I was reminded of three extremely important truths on the retreat that I overlook far too often:

Disconnecting isn’t always a bad thing. I think it’s quite easy to get caught up in constantly checking emails or social media networks that we often forget that it’s OK (and even healthy) to escape from them every now and then. Leave work behind you for a bit. I was able to chat and have authentic conversations with people all weekend without a phone constantly in my hands. And there was no need to take and post a boatload of pictures, either. A picture may be “worth a thousand words,” to some, but I’d prefer a genuine chat with actual words any day. (I’m not saying I don’t love pictures and never post them; I’m simply saying not every single moment has to be documented.)

Everyone has a story. You might read that and think, “Duh,” but how often do you actually consider that in your daily life? We’re surrounded by other individuals–many whom we don’t know–yet we rarely take the time truly to care about who they are. Maybe the person who rolled her eyes at you when she saw you were struggling with the self-checkout process while she was standing behind you at the grocery store is going through a rough divorce; perhaps the man who cut you off on the highway is rushing to be on time to his son’s last high school baseball game ever; it’s possible that the guy at the gym you think is cute won’t look your way because he’s trying to recover from a broken heart; maybe your workout buddy has been moody lately because she’s enduring some storms in her personal life.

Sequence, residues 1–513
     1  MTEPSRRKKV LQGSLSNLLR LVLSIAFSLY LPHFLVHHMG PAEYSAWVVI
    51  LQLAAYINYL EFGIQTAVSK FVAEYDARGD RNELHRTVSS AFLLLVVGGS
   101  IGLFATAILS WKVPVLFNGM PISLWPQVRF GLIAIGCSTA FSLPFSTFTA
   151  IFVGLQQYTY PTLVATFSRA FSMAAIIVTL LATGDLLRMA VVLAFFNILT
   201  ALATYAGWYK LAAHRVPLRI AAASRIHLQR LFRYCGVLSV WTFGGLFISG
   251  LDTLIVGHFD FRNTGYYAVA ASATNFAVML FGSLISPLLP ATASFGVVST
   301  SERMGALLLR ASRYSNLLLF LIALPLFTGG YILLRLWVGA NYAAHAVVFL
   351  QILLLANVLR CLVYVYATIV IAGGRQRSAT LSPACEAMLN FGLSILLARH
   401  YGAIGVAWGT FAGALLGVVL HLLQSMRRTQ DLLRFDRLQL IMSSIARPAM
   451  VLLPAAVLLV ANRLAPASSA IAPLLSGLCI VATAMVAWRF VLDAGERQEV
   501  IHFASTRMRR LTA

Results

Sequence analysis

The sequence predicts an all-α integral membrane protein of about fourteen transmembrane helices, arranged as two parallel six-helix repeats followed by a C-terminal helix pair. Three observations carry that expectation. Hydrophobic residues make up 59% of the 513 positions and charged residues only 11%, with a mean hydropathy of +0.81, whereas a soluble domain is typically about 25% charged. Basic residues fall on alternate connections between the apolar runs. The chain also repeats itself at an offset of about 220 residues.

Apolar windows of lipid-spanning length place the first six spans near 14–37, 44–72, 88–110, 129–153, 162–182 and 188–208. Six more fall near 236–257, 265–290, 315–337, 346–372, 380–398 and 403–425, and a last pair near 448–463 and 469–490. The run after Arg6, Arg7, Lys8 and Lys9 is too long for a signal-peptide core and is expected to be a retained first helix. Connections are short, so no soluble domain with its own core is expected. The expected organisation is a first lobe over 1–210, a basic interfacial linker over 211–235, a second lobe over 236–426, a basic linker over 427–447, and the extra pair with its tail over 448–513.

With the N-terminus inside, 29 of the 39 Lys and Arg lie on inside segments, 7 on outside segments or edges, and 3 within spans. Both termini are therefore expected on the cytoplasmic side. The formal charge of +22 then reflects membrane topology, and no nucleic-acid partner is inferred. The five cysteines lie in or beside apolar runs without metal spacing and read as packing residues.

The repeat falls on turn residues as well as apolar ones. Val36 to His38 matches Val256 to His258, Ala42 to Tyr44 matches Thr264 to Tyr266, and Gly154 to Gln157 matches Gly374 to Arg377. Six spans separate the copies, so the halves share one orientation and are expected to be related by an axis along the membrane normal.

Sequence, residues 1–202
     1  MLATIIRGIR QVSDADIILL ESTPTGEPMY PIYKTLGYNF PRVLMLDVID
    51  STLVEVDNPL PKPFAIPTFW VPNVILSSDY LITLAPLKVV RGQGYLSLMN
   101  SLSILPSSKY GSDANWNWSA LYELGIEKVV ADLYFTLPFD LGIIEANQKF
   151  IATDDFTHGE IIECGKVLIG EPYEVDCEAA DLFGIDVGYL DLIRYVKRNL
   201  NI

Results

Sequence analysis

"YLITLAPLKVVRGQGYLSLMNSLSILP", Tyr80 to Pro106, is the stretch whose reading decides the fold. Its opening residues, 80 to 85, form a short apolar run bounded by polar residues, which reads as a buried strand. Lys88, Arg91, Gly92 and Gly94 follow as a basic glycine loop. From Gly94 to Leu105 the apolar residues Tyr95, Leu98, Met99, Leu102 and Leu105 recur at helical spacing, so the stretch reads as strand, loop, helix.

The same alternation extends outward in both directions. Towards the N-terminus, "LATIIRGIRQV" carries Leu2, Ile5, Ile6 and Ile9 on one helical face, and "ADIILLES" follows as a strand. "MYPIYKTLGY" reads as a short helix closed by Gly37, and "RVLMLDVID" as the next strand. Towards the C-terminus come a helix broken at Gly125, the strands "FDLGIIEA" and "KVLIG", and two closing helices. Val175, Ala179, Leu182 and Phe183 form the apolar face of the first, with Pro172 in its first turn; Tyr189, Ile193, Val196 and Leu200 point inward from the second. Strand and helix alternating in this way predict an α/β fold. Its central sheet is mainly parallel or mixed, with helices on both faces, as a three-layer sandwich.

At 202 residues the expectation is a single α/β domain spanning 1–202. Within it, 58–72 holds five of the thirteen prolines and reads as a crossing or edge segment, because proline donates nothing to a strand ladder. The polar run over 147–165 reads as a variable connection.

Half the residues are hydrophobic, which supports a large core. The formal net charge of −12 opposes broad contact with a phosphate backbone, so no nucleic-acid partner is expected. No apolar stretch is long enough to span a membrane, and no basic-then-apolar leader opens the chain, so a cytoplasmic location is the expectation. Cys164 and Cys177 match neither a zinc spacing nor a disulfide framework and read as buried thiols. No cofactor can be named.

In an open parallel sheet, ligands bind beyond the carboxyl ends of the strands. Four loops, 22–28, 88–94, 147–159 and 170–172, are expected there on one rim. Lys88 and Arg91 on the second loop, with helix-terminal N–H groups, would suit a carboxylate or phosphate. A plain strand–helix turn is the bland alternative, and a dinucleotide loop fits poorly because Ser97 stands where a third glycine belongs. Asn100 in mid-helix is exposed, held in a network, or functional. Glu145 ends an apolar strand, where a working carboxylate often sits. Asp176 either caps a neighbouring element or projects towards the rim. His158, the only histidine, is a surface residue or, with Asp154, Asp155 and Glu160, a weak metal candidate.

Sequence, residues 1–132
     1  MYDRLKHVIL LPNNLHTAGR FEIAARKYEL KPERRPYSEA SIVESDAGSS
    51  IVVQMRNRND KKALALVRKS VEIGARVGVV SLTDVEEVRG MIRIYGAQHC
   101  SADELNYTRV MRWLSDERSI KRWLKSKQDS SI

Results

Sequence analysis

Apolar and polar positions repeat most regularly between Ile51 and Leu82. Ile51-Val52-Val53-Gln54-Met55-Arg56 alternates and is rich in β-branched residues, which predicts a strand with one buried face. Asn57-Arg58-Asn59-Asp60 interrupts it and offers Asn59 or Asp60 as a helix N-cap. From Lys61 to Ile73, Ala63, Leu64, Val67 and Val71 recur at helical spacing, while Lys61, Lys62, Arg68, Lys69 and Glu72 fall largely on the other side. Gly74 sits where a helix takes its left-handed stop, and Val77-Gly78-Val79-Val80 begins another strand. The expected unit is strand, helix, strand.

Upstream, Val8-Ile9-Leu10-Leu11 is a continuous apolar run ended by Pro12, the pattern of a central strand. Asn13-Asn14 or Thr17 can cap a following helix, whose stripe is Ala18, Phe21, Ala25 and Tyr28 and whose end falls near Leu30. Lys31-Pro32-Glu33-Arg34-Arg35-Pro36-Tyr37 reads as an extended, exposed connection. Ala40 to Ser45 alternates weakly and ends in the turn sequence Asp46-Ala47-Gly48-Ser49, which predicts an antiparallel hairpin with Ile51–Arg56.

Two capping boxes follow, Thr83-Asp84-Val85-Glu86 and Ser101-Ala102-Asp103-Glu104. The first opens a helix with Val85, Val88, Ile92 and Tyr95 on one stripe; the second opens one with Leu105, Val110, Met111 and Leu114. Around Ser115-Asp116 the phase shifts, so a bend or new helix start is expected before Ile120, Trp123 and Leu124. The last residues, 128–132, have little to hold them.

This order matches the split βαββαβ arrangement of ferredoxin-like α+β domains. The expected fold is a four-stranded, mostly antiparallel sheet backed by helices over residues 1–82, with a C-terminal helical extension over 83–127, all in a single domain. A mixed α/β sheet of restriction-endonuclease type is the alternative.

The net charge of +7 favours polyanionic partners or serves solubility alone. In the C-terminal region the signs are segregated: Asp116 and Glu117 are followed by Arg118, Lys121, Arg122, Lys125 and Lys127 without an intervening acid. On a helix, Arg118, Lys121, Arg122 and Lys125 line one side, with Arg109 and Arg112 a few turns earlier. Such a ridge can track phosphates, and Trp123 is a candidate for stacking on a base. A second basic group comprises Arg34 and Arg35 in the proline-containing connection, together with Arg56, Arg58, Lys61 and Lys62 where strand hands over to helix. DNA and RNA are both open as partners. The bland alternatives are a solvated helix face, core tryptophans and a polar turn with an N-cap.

Sometimes we have to look at situations and try to see beyond what’s simply on the surface.

I enjoyed getting to know so many different individuals of all different ages and walks in life over the weekend and being able to hear their unique stories. We all have stories–sometimes we just need people to listen to them.

PEACE
Yes.

True peace does exist. We live in a very busy world. It’s full of chaos and struggle. The madness can consume you if you let it. But there is so much peace in Christ. Just seeing the work of God in nature can be enough to make you sit and stare up at the sky in wonder. How does He do it? And why does the same God who created all of this love me in spite of how flawed I am? Being reminded of His crazy agape love He has for us–a love that loves us simply for who we are–is comforting in a way that I can’t explain. It provides a peace like nothing else can or ever will.

Every once in a while, it’s good to get away and find that rest and relaxation our souls long for and need. Your iPhone (or whatever you non-Apple people use) can’t function for you if you don’t charge it. Similarly, people need their own versions of recharging in order to live life and to live it fully.

And when you find that peace, you may discover just how big of a “something” that “nothing” really is.